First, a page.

A 21-year-old man has been remanded in custody accused of withholding information in relation to the policeman’s murder.

The dissident republican Real IRA shot Sappers Azimkar and Quinsey outside Massereene barracks, while the dissident republican Continuity IRA claimed the murder of Constable Carroll.

Four other people, including two pizza delivery men – Anthony Watson, 19, from Antrim and a Polish man in his 30s – were injured in the attack on the County Antrim barracks.

The two young soldiers were the first to be murdered in Northern Ireland in 12 years.


Ted Cunningham has been found guilty of 10 counts of money laundering

Irish financial adviser Ted Cunningham has been found guilty of laundering more than £3m in cash from the £26.5m Northern Bank robbery.

Cunningham, 60, of Farran, County Cork, who faces up to 14 years in jail, will be sentenced next month.

A majority of the jury at Cork Criminal Court found him guilty on 10 charges.

A gang stole the money from the headquarters of the Northern Bank in Belfast in December 2004 in a raid blamed on the IRA.

20 December 2004 a gang steals £26.4m from the headquarters of the Northern Bank in Belfast. The raid is blamed of the IRA.
February 2005 £2.3m is seized from the house in Farran, County Cork, of money lender Ted Cunningham.
November 2005 11 people in Northern Ireland questioned about the raid. Three are charged, including bank employee Chris Ward.
January 2007 Charges against two people are dropped in Belfast. The case against Chris Ward is scheduled to proceed.
March 2008 Ted Cunningham is charged with money laundering cash connected to the Northern Bank raid.
October 2008 The case against Chris Ward collapses in Belfast.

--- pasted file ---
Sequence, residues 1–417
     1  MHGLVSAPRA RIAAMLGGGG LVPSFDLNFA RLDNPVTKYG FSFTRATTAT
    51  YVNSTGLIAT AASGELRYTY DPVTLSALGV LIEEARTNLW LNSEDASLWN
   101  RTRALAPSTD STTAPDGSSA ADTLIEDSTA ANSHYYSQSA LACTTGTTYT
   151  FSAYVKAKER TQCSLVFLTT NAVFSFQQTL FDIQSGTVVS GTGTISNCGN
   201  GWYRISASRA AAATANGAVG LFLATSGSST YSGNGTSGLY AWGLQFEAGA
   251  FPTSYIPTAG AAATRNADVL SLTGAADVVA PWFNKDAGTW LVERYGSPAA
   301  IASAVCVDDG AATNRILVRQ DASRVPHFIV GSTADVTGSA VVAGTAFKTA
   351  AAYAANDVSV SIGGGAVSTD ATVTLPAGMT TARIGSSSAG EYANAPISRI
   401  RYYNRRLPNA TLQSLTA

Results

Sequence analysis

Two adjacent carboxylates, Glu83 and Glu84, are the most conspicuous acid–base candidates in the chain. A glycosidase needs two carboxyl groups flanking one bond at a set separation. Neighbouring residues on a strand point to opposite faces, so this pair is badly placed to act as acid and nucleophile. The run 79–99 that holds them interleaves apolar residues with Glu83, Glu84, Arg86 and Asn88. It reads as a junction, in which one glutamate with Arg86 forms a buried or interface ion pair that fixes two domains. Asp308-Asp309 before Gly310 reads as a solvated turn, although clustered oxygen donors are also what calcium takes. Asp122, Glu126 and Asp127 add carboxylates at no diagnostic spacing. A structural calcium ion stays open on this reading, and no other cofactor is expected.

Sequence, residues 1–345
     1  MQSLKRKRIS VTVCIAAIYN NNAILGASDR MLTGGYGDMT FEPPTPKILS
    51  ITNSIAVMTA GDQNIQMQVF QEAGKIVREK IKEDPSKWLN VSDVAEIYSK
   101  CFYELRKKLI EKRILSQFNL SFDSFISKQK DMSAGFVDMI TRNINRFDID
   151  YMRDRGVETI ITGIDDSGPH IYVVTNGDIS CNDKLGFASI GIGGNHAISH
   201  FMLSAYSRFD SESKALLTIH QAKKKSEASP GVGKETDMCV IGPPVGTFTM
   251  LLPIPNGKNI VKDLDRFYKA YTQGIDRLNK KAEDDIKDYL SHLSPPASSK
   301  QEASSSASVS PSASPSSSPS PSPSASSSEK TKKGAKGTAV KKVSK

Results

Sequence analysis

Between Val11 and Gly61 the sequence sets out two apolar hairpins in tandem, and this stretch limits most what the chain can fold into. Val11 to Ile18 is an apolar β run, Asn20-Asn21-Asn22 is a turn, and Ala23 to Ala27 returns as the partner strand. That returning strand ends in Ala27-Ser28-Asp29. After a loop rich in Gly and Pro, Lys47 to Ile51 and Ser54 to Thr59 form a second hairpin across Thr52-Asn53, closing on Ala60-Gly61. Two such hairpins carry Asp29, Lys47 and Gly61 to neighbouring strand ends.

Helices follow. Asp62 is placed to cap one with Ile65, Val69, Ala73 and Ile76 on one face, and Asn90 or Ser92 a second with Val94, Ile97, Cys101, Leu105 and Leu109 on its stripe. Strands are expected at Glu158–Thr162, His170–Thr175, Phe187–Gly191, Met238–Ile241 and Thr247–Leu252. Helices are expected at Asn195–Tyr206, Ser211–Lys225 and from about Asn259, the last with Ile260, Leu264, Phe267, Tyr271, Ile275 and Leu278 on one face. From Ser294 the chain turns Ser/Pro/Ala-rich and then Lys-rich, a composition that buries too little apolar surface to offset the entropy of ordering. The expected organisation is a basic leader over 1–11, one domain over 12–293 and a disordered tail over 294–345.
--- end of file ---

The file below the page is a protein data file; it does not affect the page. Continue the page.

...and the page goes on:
March 2009 After a 10 week trial at Cork Circuit Cork Ted Cunningham is found guilty of money laundering.

The money lender said £2.3m found in the basement of his home in February 2005 came from the sale of a gravel pit in Offaly to Bulgarian businessmen.

>>Who is Ted Cunningham?

Cunningham’s 33-year-old son, Timothy, had pleaded guilty, near the start of his father’s 10-week long trial to four charges of money laundering arising out of the Belfast cash centre robbery.

After a brief adjournment on Judge Murphy called the parties back into the courtroom and remanded Cunningham in custody.

“I will remand him in custody for two reasons,” said the judge.

“The seriousness of the charges and the course of the case.”

The formerly well-respected businessman held back tears as he hugged his partner and family members, including an inconsolable Timothy Cunningham Jnr.

He also made a quick telephone call and shook hands with his barristers and gardai working in the court, thanking them for their work, before he was led away by prison officers.

Both he and his son – who remains on bail – will be sentenced on Friday, 24 April.

Irish police claimed that, under interrogation, the money lender said he was given £4.9m from an unidentified male in a Northern Ireland registered car, whom he met on four occasions.

During the trial Cunningham said he only signed the written recording of the interview because police had terrified him and threatened to leak that he had named IRA names in custody, something, he believed that would have resulted in his murder.

The jury retired on Thursday and reconvened for more deliberations on Friday morning.

Cunningham clutched rosary beads and his lips trembled as the jury returned to the courtroom after four hours and 40 minutes and returned majority verdicts on all the charges he faced.

26 Mar 09

Two loyalists who used a police database to gather information on nationalists have had their sentences referred to the Court of Appeal.

The case was heard at Belfast Crown Court last month

Aaron Hill of Mainebank, Randalstown, and Darren Richardson of Moneynick Road, Randalstown, were given suspended sentences at Belfast Crown Court last month.

Both were members of a flute band and had gathered details of the names and addresses of 62 nationalists in the Randalstown area.

The case was referred to the Attorney General who said if the Court of Appeal finds the sentences unduly lenient it has the power to increase them.

SDLP MLA Patsy McGlone has welcomed the move.

He said:”In light of the seriousness of the offences and the ongoing fear caused to many innocent people at the fact that their details were in the possession of paramilitaries, my constituents and I have shared a deep concern at the levity of sentence in both cases.

“In the interest of justice and that the sentence should reflect the gravity of these particular offences; I am delighted that the Attorney has taken action to investigate this disturbing case.”

Bobby Sands mural photo
Ní neart go cur le chéile